Note: Single antibody tests may be requested in the follow-up of patients with positive results previously documented in this laboratory.

 

See Myasthenia Gravis/Lambert Eaton Syndrome Diagnostic Algorithm in Special Instructions.

Reference Values

ACh RECEPTOR (MUSCLE) BINDING ANTIBODY

≤0.02 nmol/L

 

ACh RECEPTOR (MUSCLE) MODULATING ANTIBODIES

0-20% (reported as __% loss of AChR)

 

N-TYPE CALCIUM CHANNEL ANTIBODY

≤0.03 nmol/L

 

P/Q-TYPE CALCIUM CHANNEL ANTIBODY

≤0.02 nmol/L

 

STRIATIONAL (STRIATED MUSCLE) ANTIBODIES

<1:120

Interpretation

A patient's autoantibody profile is more informative than the result of any single test for supporting a diagnosis of Myasthenia Gravis (MG) or Lambert-Eaton syndrome (LES), and for predicting the likelihood of lung carcinoma. Muscle acetylcholine receptor (AChR) and striational antibodies are characteristic but not diagnostic of MG. One or both are found in 13% of patients with LES, but calcium channel antibodies are not found in MG (with exception of rare non-thymomatous paraneoplastic cases).

 

Muscle AChR binding antibody is found in 90% of nonimmunosuppressed MG patients who have thymoma, and 80% have a striational antibody. Calcium channel antibodies have not been encountered with thymoma. The likelihood of thymoma is greatest when striational antibody is accompanied by a high muscle AChR modulating antibody value (≥90% AChR loss). Detection of CRMP-5-IgG also is consistent with thymoma in patients not at risk for lung carcinoma.

 

N-type calcium channel antibodies are more highly associated with primary lung cancer than P/Q-type. One or all of the autoantibodies in the MG/LES evaluation can occur with neoplasia without evidence of neurological impairment. Calcium channel antibodies may disappear soon after commencing immunosuppressant therapy. Other serological markers of lung cancer also may disappear.

 

One or both calcium channel antibodies (P/Q and N) can occur with paraneoplastic and idiopathic cerebellar ataxia, encephalomyeloneuropathies, and autonomic neuropathy.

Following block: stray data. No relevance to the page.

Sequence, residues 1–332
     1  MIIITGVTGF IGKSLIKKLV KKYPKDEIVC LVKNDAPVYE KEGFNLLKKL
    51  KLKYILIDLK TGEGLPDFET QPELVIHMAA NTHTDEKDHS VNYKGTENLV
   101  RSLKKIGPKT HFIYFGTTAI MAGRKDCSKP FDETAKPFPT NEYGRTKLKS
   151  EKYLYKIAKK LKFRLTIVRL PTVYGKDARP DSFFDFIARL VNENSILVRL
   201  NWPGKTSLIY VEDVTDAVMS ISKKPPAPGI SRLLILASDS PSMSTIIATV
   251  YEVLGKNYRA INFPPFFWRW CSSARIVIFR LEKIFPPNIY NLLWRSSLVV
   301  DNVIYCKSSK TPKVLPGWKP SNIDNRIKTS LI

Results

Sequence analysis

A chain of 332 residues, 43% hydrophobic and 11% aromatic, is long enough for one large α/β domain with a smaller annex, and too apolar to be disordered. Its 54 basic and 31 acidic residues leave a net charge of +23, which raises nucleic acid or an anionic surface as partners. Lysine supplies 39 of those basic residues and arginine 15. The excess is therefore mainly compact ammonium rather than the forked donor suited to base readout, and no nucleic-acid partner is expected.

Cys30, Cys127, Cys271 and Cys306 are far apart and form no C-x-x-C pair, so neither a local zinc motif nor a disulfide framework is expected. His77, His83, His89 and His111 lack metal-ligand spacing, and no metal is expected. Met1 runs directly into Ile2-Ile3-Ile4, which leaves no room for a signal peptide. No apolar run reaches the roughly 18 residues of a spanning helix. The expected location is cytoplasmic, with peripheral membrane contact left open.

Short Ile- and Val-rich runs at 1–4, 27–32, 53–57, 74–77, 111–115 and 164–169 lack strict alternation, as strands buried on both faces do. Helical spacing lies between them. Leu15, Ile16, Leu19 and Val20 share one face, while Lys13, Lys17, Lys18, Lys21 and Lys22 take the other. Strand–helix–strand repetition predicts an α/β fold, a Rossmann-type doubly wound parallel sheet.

Titers are generally higher in patients with severe weakness, but severity cannot be predicted by antibody titer.

 

AChR and striational antibodies may be undetectable for 6 to 12 months after MG symptom onset and similarly P/Q-type calcium channel antibody may be undetectable for 6 to 12 months after LES onset. Only about 5% of nonimmunosuppressed adult patients with generalized MG remain seronegative for muscle AChR and striational autoantibodies beyond 12 months.

 

The alternative muscle autoantigen, MuSK, accounts for approximately 1/3 of seronegative MG cases with predominantly oculobulbar symptoms.

Clinical Reference

1. Lennon VA: Serological profile of myasthenia gravis and distinction from the Lambert-Eaton myasthenic syndrome. Neurology 1997;48(Suppl 5):S23-S27

2. Harper CM, Lennon VA: Lambert-Eaton syndrome. In Current Clinical Neurology: Myasthenia Gravis and Related Disorders. Edited by HJ Kaminski. Totowa, NJ, Humana Press, 2007, (in press)

3. Hoch W, McConville J, Helms S, et al: Auto-antibodies to the receptor tyrosine kinase MuSK in patients with myasthenia gravis without acetylcholine receptor antibodies. Nat Med 2001 Mar;7(3):365-368

Day(s) and Time(s) Performed

ACh receptor (muscle) binding antibody:

Monday through Friday; 11 a.m., 6 p.m., 10 p.m.

Saturday; 6 a.m.

Sunday; 6 a.m., 10 a.m.

 

ACh receptor (muscle) modulating antibodies:

Monday through Thursday; 2 p.m.

Saturday; 8 a.m.

 

Striational (striated muscle) antibodies:

Monday through Friday; 4 a.m., 3 p.m.

Saturday 6 a.m.

 

CRMP-5-IgG Western blot:

Monday, Wednesday, Friday; 8 a.m.

 

AChR ganglionic neuronal antibody:

Monday through Friday; 11 a.m., 6 p.m.

Saturday; 6 a.m.

Sunday; 6 a.m.

 

P/Q-type calcium channel antibody; N-type calcium channel antibody:

Monday through Friday; 6 a.m.

Analytic Time

3 days

CPT Code Information

83519 x 4

83520

83519 (if appropriate)

84182 (if appropriate)

LOINC Code Information

Test ID Test Order Name Order LOINC Value
MGL1 MG/LES Evaluation In Process

 

Result ID Test Result Name Result LOINC Value
8338 ACh Receptor (Muscle) Binding Ab 11034-6
8879 ACh Receptor (Muscle) Modulating Ab 30192-9
81184 N-Type Calcium Channel Ab 94348-0
81185 P/Q-Type Calcium Channel Ab 94349-8
8746 Striational (Striated Muscle) Ab, S 94817-4
34273 MG Lambert-Eaton Interpretation, S 69048-7

Forms

If not ordering electronically, complete, print, and send a Neurology Specialty Testing Client Test Request (T732) with the specimen.

Mayo Clinic Laboratories | Neurology Catalog Additional Information:

mml-neuroimmunology